The 650,000 emails unearthed as part of an NFL investigation into the toxic and misogynistic culture established by infamous NFL owner is proving to be the rancid gift that keeps on giving—a rare window into how the men at the top of the football food chain behave when they think no one is watching. First came the Las Vegas Raiders head coach Jon Gruden, who was revealed to have fired off messages peppered with all manner of bigotry. Now, we’re also getting a glimpse at what’s required in order for a preeminent reporter to score his prized scoops.
Adam Schefter, ESPN’s NFL insider bar none, was gabbing with then-Washington Football Team president Bruce Allen a decade ago when he violated a basic tenet of journalism: he shared the contents of his story with a source for review prior to publication.
“Please let me know if you see anything that should be added, changed, tweaked,” Schefter wrote, according to the Los Angeles Times.
Journalists don’t let sources of any stripe have final say over their reporting. Nor do they presumably even in quasi-jest refer to the source as, “Mr. Editor,” as Schefter did. The reasons why should be fairly self-evident. By permitting Allen, who is not quoted by name in the resulting article, to rubber-stamp his work, Schefter was functioning at best as a stenographer and not a reporter.
On Wednesday late afternoon, Schefter issued a statement. In it, he admitted “the criticism being levied is fair,” and in the next breath denied he’d partaken of the activity for which he was being criticized. Namely, giving up editorial control.
Those taking Schefter to task aren’t wrong, per se. But in doing so, they’re granting Schefter a lot more credit than someone with his track record deserves.
Over the past decade, while serving as ESPN’s most influential football reporter, Schefter has engaged in other forms of behavior considered anathema to most reporters. He’s appeared in commercials, invested in gambling concerns alongside an NFL owner, joined the board of a fledgling NFL developmental league, and for a hot minute in 2013, anyone with $3,000 burning a hole in their pocket could have paid to hang out and watch a game with Schefter.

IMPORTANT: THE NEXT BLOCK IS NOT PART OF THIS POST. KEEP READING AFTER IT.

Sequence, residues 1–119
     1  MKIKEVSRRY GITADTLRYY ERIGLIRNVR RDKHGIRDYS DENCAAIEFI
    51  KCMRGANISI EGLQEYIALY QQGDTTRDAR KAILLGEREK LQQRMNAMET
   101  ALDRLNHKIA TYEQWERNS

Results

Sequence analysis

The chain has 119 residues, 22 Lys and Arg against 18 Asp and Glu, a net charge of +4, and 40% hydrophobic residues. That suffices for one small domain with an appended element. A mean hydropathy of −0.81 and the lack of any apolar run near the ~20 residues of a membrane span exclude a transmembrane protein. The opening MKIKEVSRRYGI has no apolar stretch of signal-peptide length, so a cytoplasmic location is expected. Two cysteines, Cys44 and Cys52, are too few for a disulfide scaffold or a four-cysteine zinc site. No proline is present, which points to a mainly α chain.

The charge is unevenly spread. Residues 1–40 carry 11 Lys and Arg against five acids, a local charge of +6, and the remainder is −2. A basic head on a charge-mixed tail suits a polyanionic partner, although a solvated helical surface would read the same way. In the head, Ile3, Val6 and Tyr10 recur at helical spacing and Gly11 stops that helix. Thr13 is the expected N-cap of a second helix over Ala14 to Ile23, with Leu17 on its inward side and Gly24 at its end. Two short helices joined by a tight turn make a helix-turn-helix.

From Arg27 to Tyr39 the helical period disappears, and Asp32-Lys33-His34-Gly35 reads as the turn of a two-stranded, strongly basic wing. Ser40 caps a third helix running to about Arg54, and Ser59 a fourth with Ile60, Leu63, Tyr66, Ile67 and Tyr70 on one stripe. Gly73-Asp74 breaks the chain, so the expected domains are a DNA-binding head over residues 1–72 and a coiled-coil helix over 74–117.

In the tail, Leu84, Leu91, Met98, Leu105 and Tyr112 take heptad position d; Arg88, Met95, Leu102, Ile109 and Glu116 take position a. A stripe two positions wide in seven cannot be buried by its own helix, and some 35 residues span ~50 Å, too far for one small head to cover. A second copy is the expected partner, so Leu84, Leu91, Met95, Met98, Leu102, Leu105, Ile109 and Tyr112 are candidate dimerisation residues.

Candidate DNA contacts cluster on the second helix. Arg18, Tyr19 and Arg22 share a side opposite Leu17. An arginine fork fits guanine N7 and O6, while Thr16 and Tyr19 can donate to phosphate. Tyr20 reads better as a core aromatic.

After all, Schefter’s job is to crank out NFL-approved gossip and carry water for the multi-billion dollar entertainment enterprise he’s ostensibly charged with covering. Excelling at this kind of access journalism often isn’t pretty. Schefter and others of his ilk have to maintain and properly nurture chummy, transactional relationships with the NFL’s power brokers and agents, doling out choice bits of information and hip-pocketing others. In exchange for their clever horse trading, they’re rewarded with tidy exclusives about looming trades and ongoing contract negotiations. Fans, the type of fans who enjoy placing a wager or who dig fantasy football, eat this stuff up. As such, Schefter has been granted a lofty perch at ESPN. If putting this much-prized product out means Schefter will on occasion defend a domestic abuser or push the NFL’s preferred politics while claiming to be apolitical, well, that’s the at-times grim cost of doing business.